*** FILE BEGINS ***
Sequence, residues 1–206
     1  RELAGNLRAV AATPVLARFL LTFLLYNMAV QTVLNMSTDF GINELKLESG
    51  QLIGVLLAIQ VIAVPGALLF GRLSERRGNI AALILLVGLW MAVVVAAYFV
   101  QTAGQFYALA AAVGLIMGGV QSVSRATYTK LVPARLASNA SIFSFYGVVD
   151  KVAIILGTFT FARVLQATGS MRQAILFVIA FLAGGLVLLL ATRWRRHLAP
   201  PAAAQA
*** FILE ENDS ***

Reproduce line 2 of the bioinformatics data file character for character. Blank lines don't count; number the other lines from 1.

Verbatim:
     1  RELAGNLRAV AATPVLARFL LTFLLYNMAV QTVLNMSTDF GINELKLESG